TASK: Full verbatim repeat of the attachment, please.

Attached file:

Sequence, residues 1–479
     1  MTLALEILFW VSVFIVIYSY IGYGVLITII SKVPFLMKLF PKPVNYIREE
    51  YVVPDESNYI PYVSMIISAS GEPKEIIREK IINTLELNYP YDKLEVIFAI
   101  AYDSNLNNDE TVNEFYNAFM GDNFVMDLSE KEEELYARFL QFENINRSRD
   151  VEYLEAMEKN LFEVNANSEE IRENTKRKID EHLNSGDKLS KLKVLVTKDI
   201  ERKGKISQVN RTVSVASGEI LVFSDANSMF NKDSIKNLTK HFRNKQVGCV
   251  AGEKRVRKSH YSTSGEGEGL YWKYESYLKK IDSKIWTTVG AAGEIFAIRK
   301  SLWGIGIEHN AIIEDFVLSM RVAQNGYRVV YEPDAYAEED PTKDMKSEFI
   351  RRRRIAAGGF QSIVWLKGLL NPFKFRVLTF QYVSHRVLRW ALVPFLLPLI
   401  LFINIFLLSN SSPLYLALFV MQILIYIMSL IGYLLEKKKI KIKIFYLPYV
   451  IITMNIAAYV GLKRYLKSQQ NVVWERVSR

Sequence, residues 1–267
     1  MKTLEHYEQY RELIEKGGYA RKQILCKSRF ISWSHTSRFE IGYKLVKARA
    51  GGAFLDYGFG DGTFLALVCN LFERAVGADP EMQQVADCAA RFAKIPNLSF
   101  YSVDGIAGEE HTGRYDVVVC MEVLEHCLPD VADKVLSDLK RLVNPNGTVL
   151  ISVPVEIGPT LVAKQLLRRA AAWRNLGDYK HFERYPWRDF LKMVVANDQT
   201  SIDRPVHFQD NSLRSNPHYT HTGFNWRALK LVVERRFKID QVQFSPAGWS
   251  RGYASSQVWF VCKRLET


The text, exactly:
Sequence, residues 1–479
     1  MTLALEILFW VSVFIVIYSY IGYGVLITII SKVPFLMKLF PKPVNYIREE
    51  YVVPDESNYI PYVSMIISAS GEPKEIIREK IINTLELNYP YDKLEVIFAI
   101  AYDSNLNNDE TVNEFYNAFM GDNFVMDLSE KEEELYARFL QFENINRSRD
   151  VEYLEAMEKN LFEVNANSEE IRENTKRKID EHLNSGDKLS KLKVLVTKDI
   201  ERKGKISQVN RTVSVASGEI LVFSDANSMF NKDSIKNLTK HFRNKQVGCV
   251  AGEKRVRKSH YSTSGEGEGL YWKYESYLKK IDSKIWTTVG AAGEIFAIRK
   301  SLWGIGIEHN AIIEDFVLSM RVAQNGYRVV YEPDAYAEED PTKDMKSEFI
   351  RRRRIAAGGF QSIVWLKGLL NPFKFRVLTF QYVSHRVLRW ALVPFLLPLI
   401  LFINIFLLSN SSPLYLALFV MQILIYIMSL IGYLLEKKKI KIKIFYLPYV
   451  IITMNIAAYV GLKRYLKSQQ NVVWERVSR

Sequence, residues 1–267
     1  MKTLEHYEQY RELIEKGGYA RKQILCKSRF ISWSHTSRFE IGYKLVKARA
    51  GGAFLDYGFG DGTFLALVCN LFERAVGADP EMQQVADCAA RFAKIPNLSF
   101  YSVDGIAGEE HTGRYDVVVC MEVLEHCLPD VADKVLSDLK RLVNPNGTVL
   151  ISVPVEIGPT LVAKQLLRRA AAWRNLGDYK HFERYPWRDF LKMVVANDQT
   201  SIDRPVHFQD NSLRSNPHYT HTGFNWRALK LVVERRFKID QVQFSPAGWS
   251  RGYASSQVWF VCKRLET